This past weekend, Drew, Polly, Anomien, and I trekked off to Matroosberg for a weekend camping trip. Matroosberg is a private reserve two hours drive from Cape Town with one of the highest peaks in the area. We loaded up the Land Rover with all our gear and provisions for the weekend and headed out on the N1. We turned off on the R44 at Wellington and took the R301 Bain’s Kloof Pass to Ceres. The area surrounding Wellington reminded me of other parts of the winelands I had visited with vineyards set on rolling hills. As we approached Bain’s Kloof mountain pass the vineyards were replaced by quiant farming cottages and B&Bs lining the road. We pulled into Matroosberg right at 9:00PM and setup inside the cabin we had rented for the weekend.

That night we braaied boerwors and roasterbrood for dinner. Boerwors or farmers sasagage is the South Afrikaan version of a bratwurst. Roasterbrood most resembles a very hardy roll, however, ours got stuck to the grates over the fire so we ended up eating the little pieces we were able to pull off the grill. After dinner we finished off the night with chocholate, whiskey, and cards.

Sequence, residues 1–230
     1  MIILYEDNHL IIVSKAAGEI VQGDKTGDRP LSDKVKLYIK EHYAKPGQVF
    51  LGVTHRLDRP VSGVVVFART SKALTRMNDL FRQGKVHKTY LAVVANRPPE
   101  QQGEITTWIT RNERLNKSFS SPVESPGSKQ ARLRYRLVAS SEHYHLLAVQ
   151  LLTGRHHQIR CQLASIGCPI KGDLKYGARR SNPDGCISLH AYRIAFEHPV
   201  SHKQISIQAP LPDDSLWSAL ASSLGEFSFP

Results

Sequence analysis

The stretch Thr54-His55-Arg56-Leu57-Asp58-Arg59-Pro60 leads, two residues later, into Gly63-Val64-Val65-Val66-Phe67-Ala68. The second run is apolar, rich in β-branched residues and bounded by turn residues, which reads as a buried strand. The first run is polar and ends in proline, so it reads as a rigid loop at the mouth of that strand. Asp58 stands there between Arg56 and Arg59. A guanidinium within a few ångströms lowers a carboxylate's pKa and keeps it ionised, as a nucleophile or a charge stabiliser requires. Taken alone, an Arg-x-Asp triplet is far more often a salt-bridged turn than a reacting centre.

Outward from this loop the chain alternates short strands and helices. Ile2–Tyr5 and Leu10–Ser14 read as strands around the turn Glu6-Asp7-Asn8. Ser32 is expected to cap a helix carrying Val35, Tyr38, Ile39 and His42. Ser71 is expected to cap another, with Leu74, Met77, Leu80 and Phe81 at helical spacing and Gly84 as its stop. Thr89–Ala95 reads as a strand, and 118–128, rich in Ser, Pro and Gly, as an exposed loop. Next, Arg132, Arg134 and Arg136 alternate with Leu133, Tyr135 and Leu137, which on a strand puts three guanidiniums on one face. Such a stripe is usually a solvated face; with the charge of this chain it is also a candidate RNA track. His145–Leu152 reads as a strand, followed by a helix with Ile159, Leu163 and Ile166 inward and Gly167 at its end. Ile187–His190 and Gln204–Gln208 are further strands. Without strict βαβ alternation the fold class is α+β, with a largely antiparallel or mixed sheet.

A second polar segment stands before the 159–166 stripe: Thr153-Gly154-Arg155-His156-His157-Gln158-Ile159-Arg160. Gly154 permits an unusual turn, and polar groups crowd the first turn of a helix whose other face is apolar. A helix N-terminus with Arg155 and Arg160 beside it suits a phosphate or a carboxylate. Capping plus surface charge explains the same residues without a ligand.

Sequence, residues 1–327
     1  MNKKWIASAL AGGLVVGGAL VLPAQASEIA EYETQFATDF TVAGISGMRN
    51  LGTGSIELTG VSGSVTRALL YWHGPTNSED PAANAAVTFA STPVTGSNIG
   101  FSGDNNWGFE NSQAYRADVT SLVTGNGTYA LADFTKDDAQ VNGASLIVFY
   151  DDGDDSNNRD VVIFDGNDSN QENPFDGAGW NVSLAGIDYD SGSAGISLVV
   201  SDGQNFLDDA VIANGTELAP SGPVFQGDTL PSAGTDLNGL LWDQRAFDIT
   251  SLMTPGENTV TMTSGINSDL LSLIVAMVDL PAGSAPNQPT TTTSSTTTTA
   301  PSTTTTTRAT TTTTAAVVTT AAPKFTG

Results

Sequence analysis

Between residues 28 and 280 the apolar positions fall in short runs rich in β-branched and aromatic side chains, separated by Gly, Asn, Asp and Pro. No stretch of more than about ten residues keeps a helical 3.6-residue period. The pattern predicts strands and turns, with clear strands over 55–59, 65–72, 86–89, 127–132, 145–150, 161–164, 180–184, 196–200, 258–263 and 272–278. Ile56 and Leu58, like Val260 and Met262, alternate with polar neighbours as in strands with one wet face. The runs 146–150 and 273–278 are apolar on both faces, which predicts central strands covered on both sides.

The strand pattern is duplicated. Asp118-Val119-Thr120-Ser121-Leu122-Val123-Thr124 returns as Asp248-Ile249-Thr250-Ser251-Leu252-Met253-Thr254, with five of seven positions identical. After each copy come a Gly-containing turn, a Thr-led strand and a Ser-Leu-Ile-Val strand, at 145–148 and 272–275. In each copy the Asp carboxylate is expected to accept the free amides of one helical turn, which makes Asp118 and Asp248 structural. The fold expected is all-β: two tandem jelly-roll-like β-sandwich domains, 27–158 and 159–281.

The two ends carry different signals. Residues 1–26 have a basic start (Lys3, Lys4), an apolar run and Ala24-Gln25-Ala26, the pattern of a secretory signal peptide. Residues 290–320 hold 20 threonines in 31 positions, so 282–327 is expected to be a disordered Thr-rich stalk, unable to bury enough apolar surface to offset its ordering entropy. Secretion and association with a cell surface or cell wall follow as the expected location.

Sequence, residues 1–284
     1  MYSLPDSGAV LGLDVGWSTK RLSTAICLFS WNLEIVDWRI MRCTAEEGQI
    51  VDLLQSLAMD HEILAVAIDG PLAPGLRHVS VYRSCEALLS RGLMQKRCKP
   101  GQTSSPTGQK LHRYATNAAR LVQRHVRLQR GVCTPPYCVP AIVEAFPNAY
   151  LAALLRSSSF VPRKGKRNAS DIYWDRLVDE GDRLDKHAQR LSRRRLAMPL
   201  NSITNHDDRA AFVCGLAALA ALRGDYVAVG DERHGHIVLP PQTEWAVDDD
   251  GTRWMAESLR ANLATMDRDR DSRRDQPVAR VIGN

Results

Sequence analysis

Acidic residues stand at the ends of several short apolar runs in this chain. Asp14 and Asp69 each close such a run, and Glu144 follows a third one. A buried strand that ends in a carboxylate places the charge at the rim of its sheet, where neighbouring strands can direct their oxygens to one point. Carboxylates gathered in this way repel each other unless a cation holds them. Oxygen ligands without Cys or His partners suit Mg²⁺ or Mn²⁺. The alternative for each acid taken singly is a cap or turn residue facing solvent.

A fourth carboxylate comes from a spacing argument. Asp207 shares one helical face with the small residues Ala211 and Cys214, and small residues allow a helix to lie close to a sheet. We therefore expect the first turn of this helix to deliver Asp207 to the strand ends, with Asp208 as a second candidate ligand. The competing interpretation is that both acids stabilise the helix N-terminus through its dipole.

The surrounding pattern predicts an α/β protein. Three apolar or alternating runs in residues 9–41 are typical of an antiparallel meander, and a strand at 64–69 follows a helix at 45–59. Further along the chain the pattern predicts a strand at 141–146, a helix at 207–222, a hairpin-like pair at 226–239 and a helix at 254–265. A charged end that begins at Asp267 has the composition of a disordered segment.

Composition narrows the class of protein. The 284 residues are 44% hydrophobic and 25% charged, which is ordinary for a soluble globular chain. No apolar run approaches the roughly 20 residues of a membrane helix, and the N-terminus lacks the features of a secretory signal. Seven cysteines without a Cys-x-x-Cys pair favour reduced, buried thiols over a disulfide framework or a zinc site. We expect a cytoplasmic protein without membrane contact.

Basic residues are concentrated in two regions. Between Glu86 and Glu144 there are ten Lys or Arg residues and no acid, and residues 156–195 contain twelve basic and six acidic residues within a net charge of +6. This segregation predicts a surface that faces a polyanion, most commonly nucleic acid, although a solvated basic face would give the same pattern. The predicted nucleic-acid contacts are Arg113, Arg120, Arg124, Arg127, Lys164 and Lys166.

Saturday we woke up and made coffee before heading out in the Landy to exlore the reserve. After an hour of driving around the reserve, we drove up the 4×4 trail to a hiking trail leading up a gorge towards the mountain peaks. At the top of our hike we found snow … yes, snow in South Africa! Once we returned to the cabin we made braaibroodjies (grilled sandwiches over the fire). At sundown we piled in the Rover and drove out on the property for sundowners on the roof rack.

Sunday we packed up and headed towards the Cape West Coast. We stopped just outside Ceres at a farm stall on the mountain pass. A oh so very Afrikaans girl greeted me at the entrance of the kitchen and was greeted by my blank stare and awkward smile back as I understood absolutely nothing she said. We had MoerKoffie and Roasterbrood for breakfast at the stall. MoerKoffie (roughly translated – F*cked Coffee or Murdered Coffee) is the Afrikaans take on filter coffee. Coffee beans are placed in a linen bag and literally beaten with a log or rolling pin until they are a fine powder at which point they are placed into boiling water in a kettle and served. We finished the trip by strolling down the Cape West Coast and back into Cape Town just in time to make church.



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